Photography competitions aren’t high up on every photographer’s list. But for a great many, they are. Every year on social media, I see countless people talking about entering a lot of the big annual American and global photography competitions. But very few of them win or even get close. After all, there are only limited spots amongst those top prizes.
Not winning, or even ranking doesn’t necessarily mean that your photography sucks. But maybe the reasons why haven’t occurred to you. in this video, photographer Zack Arias gives us six reasons why you’re not winning those photography competitions and how you might be able to resolve it.
This is, in true Zack Arias style, a bit of a long video at almost 26 minutes and the six reasons start about eight and a half minutes in. But it’s worth grabbing your favourite beverage and watching the whole thing as Zack covers a lot of his history with competitions, as an observer, an entrant, as well as a judge. He offers a lot of advice and some unique insights into the world of photography competitions that you might not have considered.
Here are the first five reasons, Zack mentions in the video.
- You’re putting your photo in the wrong category – With tens of thousands of entries, they’re not going to fix that for you.
- Your clients are not photography judges – Just because your client loves it doesn’t mean that judges will.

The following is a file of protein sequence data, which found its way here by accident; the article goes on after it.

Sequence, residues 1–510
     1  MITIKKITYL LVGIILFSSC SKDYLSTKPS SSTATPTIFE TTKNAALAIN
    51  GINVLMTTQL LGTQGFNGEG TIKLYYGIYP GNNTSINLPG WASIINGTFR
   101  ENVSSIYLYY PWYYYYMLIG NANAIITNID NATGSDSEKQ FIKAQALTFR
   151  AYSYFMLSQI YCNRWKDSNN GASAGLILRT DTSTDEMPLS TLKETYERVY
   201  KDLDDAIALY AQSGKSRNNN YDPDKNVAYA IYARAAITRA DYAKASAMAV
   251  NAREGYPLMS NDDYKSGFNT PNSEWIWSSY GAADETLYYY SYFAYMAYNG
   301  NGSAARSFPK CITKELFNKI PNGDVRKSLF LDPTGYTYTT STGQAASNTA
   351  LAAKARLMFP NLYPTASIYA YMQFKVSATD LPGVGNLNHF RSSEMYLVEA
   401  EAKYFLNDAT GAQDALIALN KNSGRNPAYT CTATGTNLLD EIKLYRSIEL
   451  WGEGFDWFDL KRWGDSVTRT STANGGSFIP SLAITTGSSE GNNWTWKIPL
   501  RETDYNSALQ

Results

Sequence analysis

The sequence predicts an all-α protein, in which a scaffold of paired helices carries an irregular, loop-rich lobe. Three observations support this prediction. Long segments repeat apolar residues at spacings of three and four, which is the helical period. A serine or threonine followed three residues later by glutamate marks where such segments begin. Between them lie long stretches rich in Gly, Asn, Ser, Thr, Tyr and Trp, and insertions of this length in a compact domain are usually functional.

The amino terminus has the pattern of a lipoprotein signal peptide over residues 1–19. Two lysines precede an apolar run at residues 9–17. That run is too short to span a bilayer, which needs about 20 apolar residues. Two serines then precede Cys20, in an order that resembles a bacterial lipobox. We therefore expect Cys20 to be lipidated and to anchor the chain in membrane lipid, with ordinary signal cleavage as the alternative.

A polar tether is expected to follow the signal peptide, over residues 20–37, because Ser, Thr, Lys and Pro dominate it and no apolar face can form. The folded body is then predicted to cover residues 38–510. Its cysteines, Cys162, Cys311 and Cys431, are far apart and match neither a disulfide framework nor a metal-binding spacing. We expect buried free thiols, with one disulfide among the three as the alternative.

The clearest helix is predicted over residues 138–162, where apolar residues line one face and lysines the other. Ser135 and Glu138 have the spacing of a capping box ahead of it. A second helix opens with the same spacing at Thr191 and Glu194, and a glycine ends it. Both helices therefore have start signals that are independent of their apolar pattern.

- You’re following trends – You might notice a pattern amongst previous winners and attempt to copy them. Stop it. you’re too late, that ship has sailed.
- You’re shooting for competition – Some people live to enter competitions. But you’ve no idea what the judges will really like. Shoot for yourself.
- Your emotional connection to an image is not coming through – It’s difficult to disconnect our emotions from the experience of shooting sometimes, but the judges don’t see that, and you can’t tell them.
The sixth one is a bonus tip, and you’ll have to watch the video to find that one out the elaborate version, but it essentially boils down to sheer dumb luck and the subjective mood of the judges on the day.
It’s a very good overview of the competition process from multiple perspectives and offers some great insights for those of you looking to enter competition. There may even be a few good tips there that you can use to help make your marketing more appealing or your portfolio more attractive to potential clients. Perhaps not directly, but the advice he offers will give you some new ways to think about and approach those tasks.